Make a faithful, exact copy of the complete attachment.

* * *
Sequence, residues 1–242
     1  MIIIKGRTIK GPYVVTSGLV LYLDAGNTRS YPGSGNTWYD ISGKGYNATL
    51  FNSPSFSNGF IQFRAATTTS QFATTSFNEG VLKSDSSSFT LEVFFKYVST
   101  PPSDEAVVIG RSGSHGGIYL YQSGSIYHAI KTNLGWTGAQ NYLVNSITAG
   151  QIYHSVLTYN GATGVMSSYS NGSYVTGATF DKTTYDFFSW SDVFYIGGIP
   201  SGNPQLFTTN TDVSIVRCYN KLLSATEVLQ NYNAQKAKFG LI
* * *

Sequence, residues 1–242
     1  MIIIKGRTIK GPYVVTSGLV LYLDAGNTRS YPGSGNTWYD ISGKGYNATL
    51  FNSPSFSNGF IQFRAATTTS QFATTSFNEG VLKSDSSSFT LEVFFKYVST
   101  PPSDEAVVIG RSGSHGGIYL YQSGSIYHAI KTNLGWTGAQ NYLVNSITAG
   151  QIYHSVLTYN GATGVMSSYS NGSYVTGATF DKTTYDFFSW SDVFYIGGIP
   201  SGNPQLFTTN TDVSIVRCYN KLLSATEVLQ NYNAQKAKFG LI